His obituary says "He was appointed a clerk in Her Majesty's Customs at Moncton, N.B. on Dec. 1874 under the late James Robertson who was then collector. On the death of Mr Robertson. Mr. Binney was promoted on Nov. 1, 1883 to the position of Collector of Customs, and this position he held until April 1909, when he retired on a superannuation allowance in that year."
From Genealogy of the Binney Family in the United States collected by Charles J. F. Binney (published in 1886):
Irwine Binney married Lucy Milner on 8 January 1891. He was 49 at the time and his wife was 40. His marriage certifictae is on the left - click on it for a larger version. This specifies his job as Inspector HMC (Her Majesty's Customs).
From Provincial Archives of New Brunswick:
Lucy Milner is described on the back of the photo below as the sister of Mrs Ketchum. The first letter of Emily Binney mentions Mrs Ketchum. This is Sarah E. Ketchum, the wife of Henry George Clopper Ketchum. She wrote a letter to George Binney Dibblee, Emily Dibblee's son after Irwine Binney died, which suggests the family disliked Irwine's marriage and his wife (although the only close family left by this point was Lucy Jacobs). The letter also states that it was a very happy marriage.
Family photo - Lucy Milner, his wife
The photo on the right was taken at Easter in 1898, and on the back, it describes Hibbert as five years old and Irwine (Jnr.) as two.
Records give their precise dates of birth.
The obituary of Irwine (Senior) in 1912 says that he has one son, Hibbert. So young Irwine must have died young. He is not in in the 1901 census - no birth or death record found in New Brunswick.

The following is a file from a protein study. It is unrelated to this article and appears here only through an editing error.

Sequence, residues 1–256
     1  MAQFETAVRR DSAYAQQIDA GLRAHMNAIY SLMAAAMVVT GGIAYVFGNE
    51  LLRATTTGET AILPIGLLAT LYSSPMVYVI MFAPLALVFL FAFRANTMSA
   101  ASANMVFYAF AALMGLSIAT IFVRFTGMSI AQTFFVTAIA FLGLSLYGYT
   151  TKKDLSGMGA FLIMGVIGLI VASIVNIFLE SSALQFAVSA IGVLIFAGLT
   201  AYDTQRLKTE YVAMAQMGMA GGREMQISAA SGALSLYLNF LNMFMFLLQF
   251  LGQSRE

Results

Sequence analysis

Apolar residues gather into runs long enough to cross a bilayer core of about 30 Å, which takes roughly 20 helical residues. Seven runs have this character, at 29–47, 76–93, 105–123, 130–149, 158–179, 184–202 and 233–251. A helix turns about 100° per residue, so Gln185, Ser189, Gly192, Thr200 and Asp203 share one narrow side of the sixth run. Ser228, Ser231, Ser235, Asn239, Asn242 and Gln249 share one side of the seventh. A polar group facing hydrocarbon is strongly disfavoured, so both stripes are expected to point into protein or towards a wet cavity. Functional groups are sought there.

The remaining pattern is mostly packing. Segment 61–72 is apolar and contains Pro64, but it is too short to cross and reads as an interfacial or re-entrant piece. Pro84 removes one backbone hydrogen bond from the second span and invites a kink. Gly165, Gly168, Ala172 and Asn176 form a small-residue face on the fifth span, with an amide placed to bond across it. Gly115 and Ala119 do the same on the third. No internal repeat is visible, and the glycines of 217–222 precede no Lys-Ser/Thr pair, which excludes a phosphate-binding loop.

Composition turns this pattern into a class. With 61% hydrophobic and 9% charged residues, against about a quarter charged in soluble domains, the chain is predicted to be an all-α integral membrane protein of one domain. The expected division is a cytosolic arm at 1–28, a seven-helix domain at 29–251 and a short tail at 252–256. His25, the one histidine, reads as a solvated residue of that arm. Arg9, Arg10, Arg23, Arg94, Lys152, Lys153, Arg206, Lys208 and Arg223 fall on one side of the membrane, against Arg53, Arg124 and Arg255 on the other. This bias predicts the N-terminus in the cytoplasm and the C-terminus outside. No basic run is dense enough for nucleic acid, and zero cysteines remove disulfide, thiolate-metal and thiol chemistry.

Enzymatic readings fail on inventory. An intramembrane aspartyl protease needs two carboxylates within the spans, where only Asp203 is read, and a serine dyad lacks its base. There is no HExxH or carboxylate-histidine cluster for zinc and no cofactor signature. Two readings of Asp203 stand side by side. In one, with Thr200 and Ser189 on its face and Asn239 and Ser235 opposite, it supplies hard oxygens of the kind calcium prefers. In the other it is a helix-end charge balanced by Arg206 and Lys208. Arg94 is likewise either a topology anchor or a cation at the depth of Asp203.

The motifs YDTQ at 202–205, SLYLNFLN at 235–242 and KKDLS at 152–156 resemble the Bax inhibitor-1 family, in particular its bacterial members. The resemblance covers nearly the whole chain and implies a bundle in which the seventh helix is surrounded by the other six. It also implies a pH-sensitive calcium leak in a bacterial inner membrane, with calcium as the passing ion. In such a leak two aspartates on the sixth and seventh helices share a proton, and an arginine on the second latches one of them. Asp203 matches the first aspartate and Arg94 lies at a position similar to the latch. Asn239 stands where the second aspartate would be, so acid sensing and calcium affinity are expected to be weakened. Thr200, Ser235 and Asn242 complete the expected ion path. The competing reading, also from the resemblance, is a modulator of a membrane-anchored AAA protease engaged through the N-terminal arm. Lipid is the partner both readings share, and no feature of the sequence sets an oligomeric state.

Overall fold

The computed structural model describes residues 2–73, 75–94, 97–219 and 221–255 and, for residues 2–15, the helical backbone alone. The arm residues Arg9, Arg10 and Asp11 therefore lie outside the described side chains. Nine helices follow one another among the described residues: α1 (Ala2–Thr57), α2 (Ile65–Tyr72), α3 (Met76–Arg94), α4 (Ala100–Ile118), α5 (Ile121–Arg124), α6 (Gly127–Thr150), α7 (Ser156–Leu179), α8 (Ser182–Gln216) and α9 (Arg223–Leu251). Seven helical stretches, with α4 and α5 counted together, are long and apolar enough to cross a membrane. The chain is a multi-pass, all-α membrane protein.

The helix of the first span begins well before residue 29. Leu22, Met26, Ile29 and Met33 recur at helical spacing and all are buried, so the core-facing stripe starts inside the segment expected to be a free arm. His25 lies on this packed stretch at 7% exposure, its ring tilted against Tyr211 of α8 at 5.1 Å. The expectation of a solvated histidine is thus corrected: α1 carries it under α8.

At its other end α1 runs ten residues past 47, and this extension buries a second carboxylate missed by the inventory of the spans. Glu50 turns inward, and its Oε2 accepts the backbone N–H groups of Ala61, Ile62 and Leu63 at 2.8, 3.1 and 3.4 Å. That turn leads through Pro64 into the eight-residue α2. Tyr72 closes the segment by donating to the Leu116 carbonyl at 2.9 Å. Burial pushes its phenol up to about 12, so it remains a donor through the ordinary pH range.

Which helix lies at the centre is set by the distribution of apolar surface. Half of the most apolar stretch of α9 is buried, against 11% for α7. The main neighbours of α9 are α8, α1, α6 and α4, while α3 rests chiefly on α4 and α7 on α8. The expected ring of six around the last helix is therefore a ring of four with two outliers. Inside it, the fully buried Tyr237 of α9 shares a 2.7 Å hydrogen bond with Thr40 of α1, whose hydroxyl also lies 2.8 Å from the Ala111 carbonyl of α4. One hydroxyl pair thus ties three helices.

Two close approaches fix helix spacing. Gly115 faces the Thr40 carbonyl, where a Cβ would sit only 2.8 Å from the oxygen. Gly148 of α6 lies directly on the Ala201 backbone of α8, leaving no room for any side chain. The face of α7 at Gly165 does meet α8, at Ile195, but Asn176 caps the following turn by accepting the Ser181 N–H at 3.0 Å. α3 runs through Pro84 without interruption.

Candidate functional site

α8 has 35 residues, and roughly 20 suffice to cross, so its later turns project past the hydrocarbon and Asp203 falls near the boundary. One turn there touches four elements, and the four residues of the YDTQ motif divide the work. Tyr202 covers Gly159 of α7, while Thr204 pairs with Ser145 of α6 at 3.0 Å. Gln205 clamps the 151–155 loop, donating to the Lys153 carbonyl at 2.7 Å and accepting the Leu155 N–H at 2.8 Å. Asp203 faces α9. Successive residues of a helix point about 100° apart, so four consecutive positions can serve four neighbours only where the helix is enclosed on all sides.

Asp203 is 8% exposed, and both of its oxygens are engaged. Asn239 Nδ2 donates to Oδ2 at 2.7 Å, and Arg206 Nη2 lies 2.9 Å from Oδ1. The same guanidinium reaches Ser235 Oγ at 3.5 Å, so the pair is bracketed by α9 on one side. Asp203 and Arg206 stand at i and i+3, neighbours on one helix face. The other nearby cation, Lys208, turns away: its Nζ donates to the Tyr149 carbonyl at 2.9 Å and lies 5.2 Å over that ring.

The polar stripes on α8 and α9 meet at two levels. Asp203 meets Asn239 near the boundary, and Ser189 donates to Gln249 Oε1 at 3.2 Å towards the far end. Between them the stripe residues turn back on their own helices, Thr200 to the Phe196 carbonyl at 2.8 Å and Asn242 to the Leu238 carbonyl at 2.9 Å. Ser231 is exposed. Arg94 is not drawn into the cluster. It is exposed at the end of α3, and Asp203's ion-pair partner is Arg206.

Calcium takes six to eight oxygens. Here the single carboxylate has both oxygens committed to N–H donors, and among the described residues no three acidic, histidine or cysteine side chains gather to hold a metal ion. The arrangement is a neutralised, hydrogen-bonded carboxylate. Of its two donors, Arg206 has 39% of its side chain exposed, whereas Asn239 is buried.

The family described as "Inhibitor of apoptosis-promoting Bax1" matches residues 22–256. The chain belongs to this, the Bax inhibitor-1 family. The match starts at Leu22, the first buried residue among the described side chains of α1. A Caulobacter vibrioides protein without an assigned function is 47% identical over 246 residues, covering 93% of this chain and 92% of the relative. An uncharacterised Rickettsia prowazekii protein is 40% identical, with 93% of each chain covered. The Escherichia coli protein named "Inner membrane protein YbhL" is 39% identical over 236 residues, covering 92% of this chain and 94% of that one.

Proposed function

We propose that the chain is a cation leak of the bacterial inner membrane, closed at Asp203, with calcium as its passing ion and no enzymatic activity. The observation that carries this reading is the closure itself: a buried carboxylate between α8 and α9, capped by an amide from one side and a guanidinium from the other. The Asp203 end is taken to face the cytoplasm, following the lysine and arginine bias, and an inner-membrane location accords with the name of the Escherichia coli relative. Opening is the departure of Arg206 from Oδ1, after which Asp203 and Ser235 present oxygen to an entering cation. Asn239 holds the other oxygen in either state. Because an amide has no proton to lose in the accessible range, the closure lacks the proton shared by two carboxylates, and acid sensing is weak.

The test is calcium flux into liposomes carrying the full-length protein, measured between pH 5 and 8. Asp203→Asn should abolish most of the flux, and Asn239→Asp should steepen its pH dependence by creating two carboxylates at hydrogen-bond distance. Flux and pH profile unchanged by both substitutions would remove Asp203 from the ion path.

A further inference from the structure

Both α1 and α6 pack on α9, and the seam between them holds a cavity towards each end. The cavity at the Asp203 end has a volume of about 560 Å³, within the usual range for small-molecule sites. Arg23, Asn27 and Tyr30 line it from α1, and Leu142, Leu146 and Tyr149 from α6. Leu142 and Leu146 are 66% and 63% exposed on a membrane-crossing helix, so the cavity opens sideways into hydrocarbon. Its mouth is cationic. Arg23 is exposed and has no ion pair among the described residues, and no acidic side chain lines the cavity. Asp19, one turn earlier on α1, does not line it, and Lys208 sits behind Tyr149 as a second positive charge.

Sarah Ketchum's letter describes Hibbert as "a fine manly good looking fellow, has heaps of friends" and "working with the tramway company". He was about 19 at this time.
|Family photo - Irwine's sons (assumed)
Facts about Hibbert William Binney
|1914||24 June||Hibbert William Binney crossed the US border at Detroit, Michigan. He was 21, "Herbert W.", born in Moncton, an oil well operator, unmarried; en route to Tulsa, Oklahoma. His mother "Sarah" Binney, in Moncton was his next of kin. Carrying $100. 5’ 10", light brown hair, blue eyes.|
|1925||28 October||He crossed the US border at Vanceboro, Maine, accompanied by his wife Jean Wright Binney, 30, and son Donald Hibbert, aged 4 ½ . They were en route to his mother-in-law, Mrs. S A Wright, 109 Broad St., Lynn MA, seeking work. His mother Lucy in Fredericton was his Canadian contact. He was a salesman; 5’ 8", blue eyes, light hair. Carrying $400. Wife Jean was 30, born in Salem MA. 5’ 3", blue eyes, brown hair. She had lived in the US from birth to 1919.|
|1926||Lynn Directory. He was a salesman (as Herbert); he and wife were resident at her mother’s address, suite 201.|
|1940||19 February||Jean Wright Binney became a US citizen. Resident 140 Clifton Ave., Malden MA, aged 39.|
Hibbert William Binney's son Donald Hibbert also decided to work in the oil industry. See Article about Don Binney.
© Jo Edkins 2008 - Return to Binney index